Sunday, 17 March 2019



Home grown tomatoes will always be so much better than those purchased from the supermarket. They are not exposed to chemicals to keep them pest and disease free, and we let them fully ripen before picking. Picking a fully ripe cherry tomato fresh from the plant for immediate consumption is a wee taste of heaven, and in mid summer when
Feeding the tomatoes
we are picking bumper yields there are always a few cherry tomatoes that split, so we may not want to spoil the look of our harvest, and not wishing to waste a good tomato so we just eat as we pick and enjoy the moment.
Having grown tomatoes annually for nearly sixty years I have tried out borders, pots, growbags, ring culture and straw bales, which were popular for about ten years in the mid sixties. Flavour has been best for me when grown direct into a prepared soil border which I put down to the tomato plant having a great growing medium and access to plenty of every type of nutrient it needs. In past times this was normal commercial practise, but each winter the soil was sterilised with steam to kill all
Healthy young tomato plants
disease spores. Sometimes chemical sterilisation with chloropicrin was used so that the main problem disease verticillium wilt spores were killed. I have no access to either so I have to remove six inches of border soil and replace it with good garden soil to which I add well rotted compost then mix a few bags of compost from growbags into the surface plus some additional fertiliser as tomatoes are gross feeders. This may be a wee bit of strenuous exercise but for people of a certain age we are told it is good for us, and in any case it is on a small scale, taking about two days.
Seed sowing for this part of Scotland may depend on whether you have greenhouse heating or not and if you have access to a decent windowsill. I normally sow my seed first week in March but this year with a warm winter they were sown in the middle of February, hoping the good weather continues. This year I am trying out a range of cherry tomatoes so I do not need a lot of plants in total. Just as well as the packets had only ten seeds each. Been your normal tight Scotsman the plan is to sow half the packet and keep the rest for next year so I am counting on getting 100% germination. A couple of weeks
Summer harvest
later they all germinated apart from one seed. This gets the highest rating in Scotland of No Bad!!!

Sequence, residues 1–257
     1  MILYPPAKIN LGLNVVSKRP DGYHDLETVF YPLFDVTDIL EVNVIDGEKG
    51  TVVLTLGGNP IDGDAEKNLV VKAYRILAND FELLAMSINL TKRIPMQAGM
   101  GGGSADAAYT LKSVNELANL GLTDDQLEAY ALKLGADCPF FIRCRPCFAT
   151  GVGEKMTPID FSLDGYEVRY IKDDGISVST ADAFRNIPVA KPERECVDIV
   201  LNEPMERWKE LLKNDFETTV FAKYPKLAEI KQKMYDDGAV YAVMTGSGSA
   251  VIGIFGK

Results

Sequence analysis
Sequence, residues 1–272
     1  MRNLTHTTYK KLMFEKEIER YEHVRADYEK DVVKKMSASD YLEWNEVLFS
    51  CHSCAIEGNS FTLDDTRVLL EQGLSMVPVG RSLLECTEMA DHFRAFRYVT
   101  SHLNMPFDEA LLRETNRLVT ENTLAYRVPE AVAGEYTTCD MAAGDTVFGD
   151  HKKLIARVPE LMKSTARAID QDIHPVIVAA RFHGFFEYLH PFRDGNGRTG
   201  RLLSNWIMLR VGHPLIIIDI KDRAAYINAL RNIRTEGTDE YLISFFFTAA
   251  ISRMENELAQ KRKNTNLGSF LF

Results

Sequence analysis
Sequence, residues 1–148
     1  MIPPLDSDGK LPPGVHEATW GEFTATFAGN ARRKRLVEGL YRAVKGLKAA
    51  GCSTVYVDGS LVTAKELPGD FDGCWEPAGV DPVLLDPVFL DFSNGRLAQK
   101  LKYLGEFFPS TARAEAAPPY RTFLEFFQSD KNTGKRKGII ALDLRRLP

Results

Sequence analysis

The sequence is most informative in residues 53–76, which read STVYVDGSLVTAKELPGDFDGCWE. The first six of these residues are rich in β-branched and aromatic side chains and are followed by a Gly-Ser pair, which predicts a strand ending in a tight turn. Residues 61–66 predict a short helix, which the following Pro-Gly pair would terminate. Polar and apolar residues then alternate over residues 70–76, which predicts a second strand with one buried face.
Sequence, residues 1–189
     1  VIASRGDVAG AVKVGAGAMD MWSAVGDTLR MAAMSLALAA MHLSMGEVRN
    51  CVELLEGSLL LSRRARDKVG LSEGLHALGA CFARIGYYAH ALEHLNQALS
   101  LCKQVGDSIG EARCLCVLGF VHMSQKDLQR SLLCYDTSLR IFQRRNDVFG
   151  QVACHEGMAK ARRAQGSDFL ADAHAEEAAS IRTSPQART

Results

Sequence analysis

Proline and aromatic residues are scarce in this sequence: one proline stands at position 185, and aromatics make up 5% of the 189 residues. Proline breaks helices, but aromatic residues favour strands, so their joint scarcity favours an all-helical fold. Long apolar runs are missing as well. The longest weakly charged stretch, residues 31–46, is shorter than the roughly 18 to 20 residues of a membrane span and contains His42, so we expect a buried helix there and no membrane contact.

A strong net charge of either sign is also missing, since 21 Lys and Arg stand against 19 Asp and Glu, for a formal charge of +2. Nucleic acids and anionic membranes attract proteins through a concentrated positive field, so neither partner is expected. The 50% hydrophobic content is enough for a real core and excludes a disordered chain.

It is important to grow on plants with good light and a decent temperature to keep them sturdy. Plants are ready to plant out in early April, but plus or minus a couple of weeks depending on the weather. I space plants out about 18 inches apart along the border which is two feet wide. If you use growbags these are usually placed end to end with three plants per bag. Always shake up the compost in the bag before planting. If you have any spare plants it is always worth trying a few outdoors against a south facing wall or fence in a sheltered place.
Outdoor tomatoes
Tomatoes are grown as a single stemmed cordon and sideshoots are removed as soon as they are big enough to break off. I suspend strong polypropylene binder twine from strong wires along the roof and twist the plant around the twine as they grow taller.
Varieties This year I will again grow my favourite Alicante as my main crop but am trying a few cherry types such as Sungold, Cherry Baby, Rapunzel, Sugar Gloss and Supersweet 100. I have dropped Marmande a beefsteak type, which was a very poor cropper, though I have heard others getting good crops. I also dropped Yellow Delight which gave a massive crop, but with poor flavour and the plants were so vigorous they took over space from others nearby.

Wee jobs to do this week

Broad beans ready to plant
Up on City Road allotments some plot holders have been taking advantage of the mild winter and run ahead with broad bean sowing and planting out. I started sowing a fortnight ahead of last year and now germination has taken place I have potted up my seedlings into larger pots to give them more feeding and space to grow. They are quite hardy so they have been moved from the warmth of a south facing windowsill in a warm room into my unheated greenhouse. However if winter decided to make a last stand I have a greenhouse heater at the ready.

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